And so far, they've been exactly that, despite not being the only good team in New York. With Jacob deGrom and Max Scherzer missing significant time due to injury, the Mets should have crumbled. After all, Chris Bassitt, Taijuan Walker and Carlos Carrasco aren't equal substitutes, right? Wrong. The Mets roster, impeccably crafted by new GM Billy Eppler, has worked so far in 2022. The Mets are dangerous in 2022 and have talent to spare. Who would have thought that Dom Smith would be sent down to Triple-A Syracuse months after being involved in trade rumors with the Padres? The Mets (who are good) seem to have found a recipe for success this season. All they need to do now, is maintain and not trip themselves up.
Los Angeles Dodgers - $266.2 Million
The Dodgers seems to be on this list every single year, but after already crafting a team that's chock full of All-Stars, it's wild to see them still securing massive talent year in and year out. The loss of Corey Seager was mitigated by their deal to bring Trea Turner in from Washington at the 2021 Trade Deadline, who they signed to a one-year, $21 million deal to avoid arbitration. But the acquisition of another NL East talent is what turned heads this offseason.
Freddie Freeman's 6-year, $162 Million deal was a shock to fans, as the general feeling was that Freeman would return to the Atlanta Braves where he just won a World Series or even head further south to join up with the Tampa Bay Rays. Instead, Freeman opted for warmer climes and Dodger Blue.
The Dodgers also retained a big roster piece that allows them flexibility in both their outfield and infield, by agreeing to a 4-year, $60 Million deal with Chris Taylor. The Dodgers offered Taylor a qualifying offer early on in the offseason, but Taylor decline it, instead opting to search for a multi-year deal. The Dodgers are still the most dangerous team in the NL West (sorry Giants and Padres fans), and possibly all of Major League Baseball.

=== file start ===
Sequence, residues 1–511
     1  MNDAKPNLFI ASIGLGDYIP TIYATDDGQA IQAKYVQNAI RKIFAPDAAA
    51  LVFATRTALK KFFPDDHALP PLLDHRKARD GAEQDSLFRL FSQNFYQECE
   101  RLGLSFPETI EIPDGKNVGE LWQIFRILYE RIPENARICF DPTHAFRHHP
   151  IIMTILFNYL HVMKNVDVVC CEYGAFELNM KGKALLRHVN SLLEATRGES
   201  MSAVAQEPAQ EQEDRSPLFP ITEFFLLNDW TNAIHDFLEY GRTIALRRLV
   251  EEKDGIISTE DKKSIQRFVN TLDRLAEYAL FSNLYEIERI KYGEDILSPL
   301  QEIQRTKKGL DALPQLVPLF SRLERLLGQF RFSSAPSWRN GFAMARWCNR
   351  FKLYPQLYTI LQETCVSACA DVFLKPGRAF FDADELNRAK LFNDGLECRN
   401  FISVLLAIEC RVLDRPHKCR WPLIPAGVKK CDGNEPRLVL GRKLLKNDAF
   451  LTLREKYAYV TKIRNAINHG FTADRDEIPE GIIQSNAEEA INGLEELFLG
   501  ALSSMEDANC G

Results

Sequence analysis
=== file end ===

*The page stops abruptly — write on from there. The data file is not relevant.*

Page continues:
Stop me if you've heard this one before. The Dodgers go out and acquire a superstar in the offseason and they're one of the best teams in the league. Sounds familiar, right? While the Mets earned praise for their hot start early in the season, that's probably because the Dodgers were operating as they normally do: atop the NL West and decimating bad teams. So far, so good. The Dodgers are still in the driver's seat out West and there's not a lot that could shake them. Consider that $266.2 Million some division title insurance.
Texas Rangers - $580.7 Million
To say the Rangers have had an excellent offseason is putting it mildly. No one saw them coming, and their moves sent other teams in the marketplace sprinting for the nearest free agent who met their needs. Seriously, it's been a wild offseason, and we haven't even mentioned the lockout.
The Rangers seemed to be in on everyone from the former Colorado Rockies' ( Now the Boston Red Sox shortstop) Trevor Story to the former Houston Astros' (now the Minnesota Twins') Carlos Correa.
The two biggest signings for the Rangers, and maybe even the entire offseason, were that of Corey Seager at shortstop for 10 years and $325 million and Marcus Semien for 7 years and $175 million. That's a lot of money to lock up between two guys, but both deals are very much worth their weight in payroll.